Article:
- 1 Where is chalkware made?
- 2 Who made chalkware?
- 3 Is chalkware valuable?
- 4 How do you date chalkware?
- 5 Is chalkware still made?
- 6 Is chalkware fragile?
- 7 Can chalkware go outside?
- 8 How do you clean old chalkware?
- 9 How do you fix chalkware?
- 10 How do I clean chalkware?
- 11 What is Carnival chalkware?
- 12 How do you make chalkware?
- 13 How do you clean an old plaster statue?
- 14 What is plaster Chalkware?
Where is chalkware made?
Chalkware blanks being produced within the pouring room at the Vaillancourt Folk Art studios in Sutton, MA. During the 19th century, chalkware was sculpted gypsum painted effortlessly with watercolors. Because most chalkware was sold by carnival vendors, it was considered the “poor man’s porcelain.”
Who made chalkware?
The first known chalkware made in the 19th century in the U.S. was produced by German immigrants, many of whom settled in Pennsylvania. The Pennsylvania Dutch created a variety of folksy chalkware figures, often with a seasonal or animal theme, sometimes in unexpected colors.
Is chalkware valuable?
Humble chalkware objects considered a form of folk art, once sold from peddler’s packs, are still modestly priced at $200 or more when they come to auction. However, the more unique and rare the form, the prices can be over a thousand dollars.
How do you date chalkware?
Examine the bottom of the piece. According to Vaillancourt Folk Art, contemporary chalkware pieces are labeled on the underside with the piece design number, the year and a copyright date. They may also have a studio name and/or place name.
Is chalkware still made?
Heavy, and easy to break or chip, chalkware eventually lost favor to ceramic and plastic alternatives in the 1970s. Remaining pieces of MCM (and earlier) chalkware can be easily found today with more exotic or rare examples fetching hundreds or thousands of dollars by collectors on auction sites and other dealers.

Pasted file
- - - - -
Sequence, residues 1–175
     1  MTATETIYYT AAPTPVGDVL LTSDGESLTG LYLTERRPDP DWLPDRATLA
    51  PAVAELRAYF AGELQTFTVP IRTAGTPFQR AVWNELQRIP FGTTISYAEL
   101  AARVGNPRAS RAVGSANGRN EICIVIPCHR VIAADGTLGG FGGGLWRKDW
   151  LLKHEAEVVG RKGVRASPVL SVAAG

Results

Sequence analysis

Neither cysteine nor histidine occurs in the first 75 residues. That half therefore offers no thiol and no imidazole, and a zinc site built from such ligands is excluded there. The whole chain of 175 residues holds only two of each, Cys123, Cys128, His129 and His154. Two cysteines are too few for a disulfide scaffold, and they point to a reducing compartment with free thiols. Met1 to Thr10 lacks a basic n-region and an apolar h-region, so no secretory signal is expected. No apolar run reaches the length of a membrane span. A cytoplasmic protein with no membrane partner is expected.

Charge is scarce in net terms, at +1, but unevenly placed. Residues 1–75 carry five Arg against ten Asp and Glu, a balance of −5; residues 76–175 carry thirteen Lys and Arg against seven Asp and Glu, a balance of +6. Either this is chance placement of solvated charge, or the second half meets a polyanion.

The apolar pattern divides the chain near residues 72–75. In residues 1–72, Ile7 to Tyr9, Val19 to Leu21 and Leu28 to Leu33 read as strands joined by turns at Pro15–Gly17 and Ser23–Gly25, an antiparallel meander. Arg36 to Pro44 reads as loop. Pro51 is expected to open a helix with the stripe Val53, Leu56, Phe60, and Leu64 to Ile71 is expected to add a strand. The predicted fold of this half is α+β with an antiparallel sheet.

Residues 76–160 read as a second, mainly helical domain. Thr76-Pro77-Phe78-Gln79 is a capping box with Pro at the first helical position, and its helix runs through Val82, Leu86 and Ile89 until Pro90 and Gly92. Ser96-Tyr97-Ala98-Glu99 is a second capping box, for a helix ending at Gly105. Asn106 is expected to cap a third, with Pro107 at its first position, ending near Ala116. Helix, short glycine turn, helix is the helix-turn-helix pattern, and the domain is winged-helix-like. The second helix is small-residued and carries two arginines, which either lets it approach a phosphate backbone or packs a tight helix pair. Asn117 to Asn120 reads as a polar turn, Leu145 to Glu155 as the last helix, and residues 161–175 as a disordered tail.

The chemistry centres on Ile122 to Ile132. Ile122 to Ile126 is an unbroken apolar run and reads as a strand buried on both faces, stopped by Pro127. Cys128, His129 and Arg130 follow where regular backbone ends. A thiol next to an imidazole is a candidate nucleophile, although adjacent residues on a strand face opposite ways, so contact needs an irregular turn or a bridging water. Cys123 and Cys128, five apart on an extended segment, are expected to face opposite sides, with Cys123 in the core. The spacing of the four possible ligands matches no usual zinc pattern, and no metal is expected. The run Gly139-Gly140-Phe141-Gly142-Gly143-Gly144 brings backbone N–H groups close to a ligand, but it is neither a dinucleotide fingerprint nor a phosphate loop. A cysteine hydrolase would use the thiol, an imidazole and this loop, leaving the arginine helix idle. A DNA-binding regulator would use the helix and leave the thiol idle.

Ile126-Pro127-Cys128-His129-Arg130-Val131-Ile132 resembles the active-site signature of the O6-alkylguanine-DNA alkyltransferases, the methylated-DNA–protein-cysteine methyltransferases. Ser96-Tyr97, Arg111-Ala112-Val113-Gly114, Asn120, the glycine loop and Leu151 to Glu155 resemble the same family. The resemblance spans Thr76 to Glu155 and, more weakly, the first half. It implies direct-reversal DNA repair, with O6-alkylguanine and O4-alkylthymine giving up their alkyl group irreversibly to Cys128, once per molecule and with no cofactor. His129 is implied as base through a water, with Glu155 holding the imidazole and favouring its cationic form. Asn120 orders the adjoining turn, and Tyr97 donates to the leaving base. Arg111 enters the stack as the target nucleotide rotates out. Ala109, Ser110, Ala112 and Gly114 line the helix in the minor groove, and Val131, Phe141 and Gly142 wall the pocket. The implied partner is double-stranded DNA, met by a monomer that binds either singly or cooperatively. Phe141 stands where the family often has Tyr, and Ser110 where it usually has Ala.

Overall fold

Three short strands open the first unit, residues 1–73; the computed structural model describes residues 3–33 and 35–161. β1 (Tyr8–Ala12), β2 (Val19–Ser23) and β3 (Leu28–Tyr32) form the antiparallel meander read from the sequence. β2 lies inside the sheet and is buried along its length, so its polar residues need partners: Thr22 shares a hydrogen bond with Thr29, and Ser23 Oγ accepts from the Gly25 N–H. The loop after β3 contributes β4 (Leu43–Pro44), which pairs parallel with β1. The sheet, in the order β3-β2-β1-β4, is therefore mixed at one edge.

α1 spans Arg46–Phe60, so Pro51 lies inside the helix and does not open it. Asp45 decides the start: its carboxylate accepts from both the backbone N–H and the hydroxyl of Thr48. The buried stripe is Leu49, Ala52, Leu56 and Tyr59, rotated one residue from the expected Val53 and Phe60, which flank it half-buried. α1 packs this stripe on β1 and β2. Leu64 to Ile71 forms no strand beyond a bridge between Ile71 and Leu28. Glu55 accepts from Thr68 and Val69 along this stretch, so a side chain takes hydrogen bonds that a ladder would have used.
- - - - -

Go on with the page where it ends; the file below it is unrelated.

Is chalkware fragile?
Chalkware is, essentially, Plaster of Paris—inexpensive, lightweight, and ultimately very, very fragile.
Can chalkware go outside?
Do not leave Vaillancourt Chalkware outside or in direct sunlight. Any long term storage should be in a dry location, wrapped in tissue and boxed. Wrapping your chalkware with plastic or bubble may cause damage to the piece’s finish if stored in a warm or humid environment.
How do you clean old chalkware?
Dust chalkware regularly, using a dry, soft cloth, to prevent an accumulation of dirt. Wipe the chalkware gently, paying special attention to recesses and detail work where dust can collect. Use a cotton swab or a soft-bristled paintbrush to gently work on embedded and stubborn dirt, especially in recessed areas.
How do you fix chalkware?
Repairing Missing Chunks. Make a paste of Elmer’s glue and baking soda or Elmer’s glue and chalk powder. Start with a 1:1 ratio and add more powder until you get a slightly doughy consistency. Pour or press into the missing areas and sculpt to match the surface.
How do I clean chalkware?
Chalkware easily dissolves with moisture, so use a dry brush, cloth or cotton swab to gently remove grime and dust.
What is Carnival chalkware?
Carnival chalkware is an American term for the figurines made most often out of plaster of Paris (though some were made of gypsum) and painted bright colors using oils or watercolors that were won at carnivals and fairs of this time period.
How do you make chalkware?
You can easily create your very own nostalgic chalkware at home.
- Spread a few layers of newspapers over a flat working surface.
- Run water into the 3D molds to wet the inside surfaces.
- Turn each mold upside down, with the fill hole up.
- Mix the plaster of paris according to the package instructions.
How do you clean an old plaster statue?
Begin cleaning by dusting the object with a brush, directing the dust into a vacuum cleaner. Padding the nozzle of the vacuum cleaner with cloth or thin foam plastic will help to avoid damage to the object.
What is plaster Chalkware?
Chalkware is a a form of plaster of Paris used to create figurine collectibles that was popular in the 19th Century in the United States. Chalkware is an American term for popular figurines either made of moulded plaster of Paris (usually) or sculpted gypsum, and painted, typically with oils or watercolors.